They act like they are the artist’s best friend. They portray the traditional record companies as the enemy. They claim that the internet is the great equalizer. They say, “Distribute your music through our web site and millions of people all over the world will be able to download your music. The opportunities are endless.”
Who are they? The internet distribution companies. Are the opportunities endless? Yes – the opportunities for them to make money from your music are endless, and the opportunities for you to get hurt are also endless.
I was optimistic about the potential of the internet and was looking forward to signing on with internet distributors as a way to sell my music to the public. I had gone to some interactive music conventions and was excited by the pitches of internet entrepreneurs. They used words like “non-exclusive” and “50:50 split.” It all seemed so easy, and I was feeling quite happy . . . until I spoke to a lawyer. Afterwards, I felt like I had been saved from jumping into a snake pit.
The sad reality is that the internet is a breeding ground for a new generation of greedy, manipulative business people who take advantage of trusting musicians. In a way, they are worse than the record companies – because at least with the record companies, you know they’re out to take advantage of you. These people speak soothing words and then take even more advantage of you. Let’s look at some examples.
- One prominent internet distributor offers a contract with the following sentence: “You grant us throughout the territory and during the sales period the non-exclusive right to sell . . . your recordings”. That sounds fine, doesn’t it? I thought so, too – until my lawyer pointed out that they define “sales period” as forever and “territory” as the universe. In other words, they want the right to sell your CD for the rest of your life and beyond.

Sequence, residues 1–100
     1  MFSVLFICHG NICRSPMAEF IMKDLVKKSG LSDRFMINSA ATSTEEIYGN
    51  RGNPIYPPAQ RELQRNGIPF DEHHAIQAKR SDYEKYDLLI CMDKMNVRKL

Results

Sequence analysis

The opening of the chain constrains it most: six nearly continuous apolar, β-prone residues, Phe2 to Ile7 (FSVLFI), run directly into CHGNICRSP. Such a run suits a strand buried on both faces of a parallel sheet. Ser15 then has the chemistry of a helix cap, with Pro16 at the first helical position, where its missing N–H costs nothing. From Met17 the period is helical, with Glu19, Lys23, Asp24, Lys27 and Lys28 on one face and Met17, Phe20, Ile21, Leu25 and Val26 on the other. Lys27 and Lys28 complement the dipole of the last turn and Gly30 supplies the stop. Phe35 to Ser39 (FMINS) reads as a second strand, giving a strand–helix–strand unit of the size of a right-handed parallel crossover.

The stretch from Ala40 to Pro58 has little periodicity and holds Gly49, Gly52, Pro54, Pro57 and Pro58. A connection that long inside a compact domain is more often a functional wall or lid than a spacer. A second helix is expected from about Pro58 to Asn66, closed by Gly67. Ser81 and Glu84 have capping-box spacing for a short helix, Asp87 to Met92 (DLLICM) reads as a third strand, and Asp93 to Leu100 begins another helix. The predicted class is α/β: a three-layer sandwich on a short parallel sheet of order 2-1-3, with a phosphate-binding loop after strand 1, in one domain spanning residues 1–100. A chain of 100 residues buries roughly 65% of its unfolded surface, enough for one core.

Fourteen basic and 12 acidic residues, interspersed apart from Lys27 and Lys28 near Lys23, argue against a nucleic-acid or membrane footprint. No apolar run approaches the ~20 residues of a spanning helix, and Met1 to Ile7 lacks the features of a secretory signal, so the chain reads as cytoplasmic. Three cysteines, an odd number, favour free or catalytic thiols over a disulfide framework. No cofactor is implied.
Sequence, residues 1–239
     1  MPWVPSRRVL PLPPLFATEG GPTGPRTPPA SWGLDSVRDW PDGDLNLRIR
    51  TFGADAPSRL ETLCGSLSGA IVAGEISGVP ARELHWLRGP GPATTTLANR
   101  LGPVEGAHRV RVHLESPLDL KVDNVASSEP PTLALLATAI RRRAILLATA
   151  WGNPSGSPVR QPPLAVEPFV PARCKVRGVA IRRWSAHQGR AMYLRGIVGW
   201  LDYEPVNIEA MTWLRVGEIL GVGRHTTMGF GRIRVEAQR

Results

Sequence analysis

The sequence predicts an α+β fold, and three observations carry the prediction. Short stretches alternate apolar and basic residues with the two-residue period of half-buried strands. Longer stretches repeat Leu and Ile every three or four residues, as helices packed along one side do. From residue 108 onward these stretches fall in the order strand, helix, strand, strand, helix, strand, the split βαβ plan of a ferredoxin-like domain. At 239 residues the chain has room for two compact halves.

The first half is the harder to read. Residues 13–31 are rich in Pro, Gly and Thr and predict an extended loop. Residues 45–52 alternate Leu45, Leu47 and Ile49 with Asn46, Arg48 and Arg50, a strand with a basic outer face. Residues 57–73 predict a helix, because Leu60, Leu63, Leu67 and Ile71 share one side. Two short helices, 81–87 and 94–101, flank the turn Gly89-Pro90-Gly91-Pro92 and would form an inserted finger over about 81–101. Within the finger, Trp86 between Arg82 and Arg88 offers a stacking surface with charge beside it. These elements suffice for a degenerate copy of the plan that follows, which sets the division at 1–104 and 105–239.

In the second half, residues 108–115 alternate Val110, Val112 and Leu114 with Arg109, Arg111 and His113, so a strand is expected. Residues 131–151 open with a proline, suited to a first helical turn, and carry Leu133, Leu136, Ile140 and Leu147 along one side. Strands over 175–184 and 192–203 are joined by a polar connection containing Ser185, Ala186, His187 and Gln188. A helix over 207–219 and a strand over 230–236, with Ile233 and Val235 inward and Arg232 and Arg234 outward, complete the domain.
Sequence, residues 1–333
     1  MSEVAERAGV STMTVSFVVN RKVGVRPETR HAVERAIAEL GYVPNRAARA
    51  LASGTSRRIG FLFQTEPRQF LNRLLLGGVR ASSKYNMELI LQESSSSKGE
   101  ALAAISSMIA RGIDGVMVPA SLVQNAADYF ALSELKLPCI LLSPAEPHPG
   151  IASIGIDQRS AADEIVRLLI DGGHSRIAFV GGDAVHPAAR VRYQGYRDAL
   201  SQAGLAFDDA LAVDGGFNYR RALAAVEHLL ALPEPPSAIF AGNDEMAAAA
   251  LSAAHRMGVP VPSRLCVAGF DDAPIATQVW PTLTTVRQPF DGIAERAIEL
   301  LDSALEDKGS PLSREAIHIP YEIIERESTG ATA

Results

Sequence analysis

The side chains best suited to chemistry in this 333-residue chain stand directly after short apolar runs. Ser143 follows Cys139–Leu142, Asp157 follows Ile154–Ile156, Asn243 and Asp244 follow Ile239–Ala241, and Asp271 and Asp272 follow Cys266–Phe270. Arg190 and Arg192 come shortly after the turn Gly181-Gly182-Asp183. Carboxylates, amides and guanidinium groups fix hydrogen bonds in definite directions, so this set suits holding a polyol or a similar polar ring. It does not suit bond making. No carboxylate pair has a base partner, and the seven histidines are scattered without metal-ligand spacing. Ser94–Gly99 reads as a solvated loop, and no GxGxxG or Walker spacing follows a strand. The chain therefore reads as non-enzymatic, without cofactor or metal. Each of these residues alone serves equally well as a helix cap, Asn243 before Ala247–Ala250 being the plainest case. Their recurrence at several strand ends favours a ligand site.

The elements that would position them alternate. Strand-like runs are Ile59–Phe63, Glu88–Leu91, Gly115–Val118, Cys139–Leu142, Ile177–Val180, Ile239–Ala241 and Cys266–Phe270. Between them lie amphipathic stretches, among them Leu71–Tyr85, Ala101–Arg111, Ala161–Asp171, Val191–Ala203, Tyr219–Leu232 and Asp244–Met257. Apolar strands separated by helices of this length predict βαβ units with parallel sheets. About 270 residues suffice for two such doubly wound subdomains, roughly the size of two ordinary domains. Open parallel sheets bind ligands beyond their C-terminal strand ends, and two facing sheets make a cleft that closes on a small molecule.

- They also say, “You agree to furnish us with your CDs promptly upon our request.” This also sounds reasonable, until you realize that there is no end to this responsibility. You could be retired and living on Social Security and yet you are still responsible to supply them with your CDs, at your expense. Now, you may think that that’s not so bad because you’ll be making money – but think again. Although the contract states that you are entitled to a percentage of the sales, it also states that they can deduct “any costs related to those sales.”
What does that mean? Suppose they take a trip to Hawaii to make a “business” contact, isn’t that a cost “related to those sales”? If they also soak up some sun, I guess that’s just part of the cost of doing business.
- They also reserve the right to “assign” the agreement to anyone they choose, so you may become responsible to someone you never dreamed you would do business with. Of course, you can’t assign the agreement. On top of this, you also agree to indemnify and defend them from any legal action arising out of any claim by any third party concerning any breach of the agreement by you. Scary stuff, isn’t it?
- I have seen contracts that look perfectly benign . . . except for this one little clause called “Modification.” One contract states, “We may amend any of the terms and conditions in this agreement at any time solely at our discretion.” Furthermore, they will e-mail any changes and unless you respond within five days you accept the change. What if the change is, “You give us the rights to the copyrights on all the music on your CD”?!
If you sign this contract you’d better hope that you never get into a situation where you can’t check your e-mail every five days. You’d better not have any medical emergencies, and don’t even think of a six-day hike unless you have a portable non-electric internet hookup device (that’s unbreakable). I’ve even seen a contract that said they can make modifications at any time and it is your responsibility to check their site. If three days pass after a change and you don’t notify them by U.S. mail, you accept the change!
I’m sorry to be the messenger of bad tidings but I hope this will wake up my fellow musicians to the dangers of internet distribution. Perhaps I will write another column offering solutions. In the meantime, if you have had any internet distribution experiences that you would like to share (pro or con) please e-mail me at email@example.com. All responses will be held confidential. While you’re at it, feel free to check out my site at www.voncello.com. Don’t give up, but remember: buyer beware!